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Canadian Urbanism Uncovered

Willcocks goes pedestrian

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Last week, I went to have a look at how the new pedestrian space pilot project in the University of Toronto is coming along. A block of Willcocks Street, between St. George and Huron, has been closed to traffic and turned into a public square. The project uses the model of New York’s closing of Times Square, using inexpensive, temporary materials to see the impact of the project before any significant, permanent changes are made. As part of the same initiative, Ryerson University has made a section of Gould Street into a pedestrian space as well.

Both universities partnered enthusiastically with the City to implement these projects, agreeing to maintain the spaces if the City provided the start-up costs. The City bought planters and chairs and tables to close off the streets and animate the space, but also provided all small budget to each university to come up with their own ideas for transforming the space. The University of Toronto got architecture students to design a stencil for the pavement — a big blue oak leaf that reflects the University’s logo. It also got the brilliant idea to buy some astroturf and lay it down in sections of the street, which really helps to define and soften the space. On the Huron end of the block, it added basketball hoops. And, of course, the whole area is provided with free Wi-Fi.

The astroturf will be rolled up when winter comes around. Originally, the University wanted to put in an ice rink, but it turns out that there are buildings and utilities under the road that keep it too warm. An alternative might be to use one of the recently developed synthetic ice surfaces (I saw one in action this summer, with kids successfully using their ice skates on it).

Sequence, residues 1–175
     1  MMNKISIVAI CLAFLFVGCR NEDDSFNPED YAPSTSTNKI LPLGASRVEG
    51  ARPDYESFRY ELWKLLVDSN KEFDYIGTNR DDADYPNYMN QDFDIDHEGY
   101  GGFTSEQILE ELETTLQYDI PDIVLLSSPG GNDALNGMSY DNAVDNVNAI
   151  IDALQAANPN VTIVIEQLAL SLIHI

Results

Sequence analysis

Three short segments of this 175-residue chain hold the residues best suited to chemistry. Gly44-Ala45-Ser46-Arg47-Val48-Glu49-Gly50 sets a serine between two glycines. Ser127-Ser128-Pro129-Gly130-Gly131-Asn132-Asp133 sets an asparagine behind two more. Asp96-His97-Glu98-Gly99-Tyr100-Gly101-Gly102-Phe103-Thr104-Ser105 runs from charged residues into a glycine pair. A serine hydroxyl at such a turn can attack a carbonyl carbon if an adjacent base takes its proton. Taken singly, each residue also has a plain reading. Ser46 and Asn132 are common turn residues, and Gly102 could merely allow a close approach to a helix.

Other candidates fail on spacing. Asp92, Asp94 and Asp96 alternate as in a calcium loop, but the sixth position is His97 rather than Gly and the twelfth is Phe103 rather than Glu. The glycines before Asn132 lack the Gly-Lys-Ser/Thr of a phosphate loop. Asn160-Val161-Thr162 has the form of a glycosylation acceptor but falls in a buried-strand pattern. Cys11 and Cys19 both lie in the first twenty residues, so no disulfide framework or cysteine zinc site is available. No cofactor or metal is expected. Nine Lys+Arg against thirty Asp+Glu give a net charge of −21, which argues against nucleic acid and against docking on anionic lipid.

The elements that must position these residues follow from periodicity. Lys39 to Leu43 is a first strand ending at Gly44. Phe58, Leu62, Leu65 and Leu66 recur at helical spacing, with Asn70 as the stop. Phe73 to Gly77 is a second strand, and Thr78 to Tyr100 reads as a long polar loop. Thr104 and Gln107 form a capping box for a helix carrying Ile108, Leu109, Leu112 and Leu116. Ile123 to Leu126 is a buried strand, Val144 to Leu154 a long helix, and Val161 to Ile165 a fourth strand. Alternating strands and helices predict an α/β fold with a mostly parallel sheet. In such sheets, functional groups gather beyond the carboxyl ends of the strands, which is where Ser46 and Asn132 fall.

The Willcocks experiment has been very successful — it is well located, at a crossroads of many routes across campus, right beside heavily used classroom buildings and a student food court, and near residences and the athletic centre. U of T has a very large population of non-resident students and a lack of space for them to spend time in while on campus, so it satisfies a definite need.

The tables and chairs have not been damaged or stolen (the tables are all provided with a chain with which they are locked to the chairs every night) — the only problem has been people pushing over the planters at night.

The advantage of using this pilot project model can be seen in the case of Devonshire Place (above). The University of Toronto was keen to also close down this stretch of road, which is not heavily used by cars. However, the newly pedestrian space did not end up being as heavily used as Willcocks — it is a little more out of the way. Thanks to the inexpensive, flexible implementation, it was easy to adjust to this outcome. The City left it up during the nicer part of the Fall, but decided to close the project for the winter. On Friday (Oct. 18), the City removed the planters and chairs (which can be re-used elsewhere), and the street was once again open to traffic. The partners plan to re-think the project in this part of campus over the winter and try something different in the spring. One possibility might be to use part of the street parking space for other purposes — for one thing, bike parking is very much needed in the area (as can be seen by the number of bikes locked to the Munk Centre fence).

The Willcocks Street closure is slated to last a full year. The City plans to hire an independent organization to assess its success over the year, and if it proves to be successful, there will be an opportunity to make the installation more permanent (as happened with Times Square).



  1. Overall I think the pilot project on Willcocks is great. I hope it becomes permanent and inspires further pedestrianization in the city. But one small quibble: the traffic lights at Willcocks and St George are still up and running as if Willcocks were open to traffic, which means motorists (and, in theory, cyclists) have to sit and wait for no good reason. The lights should be covered over and replaced with a stop sign for the duration of the pilot project. Lots of pedestrians are already ignoring the lights anyway, and just crossing whenever there’s a gap in traffic.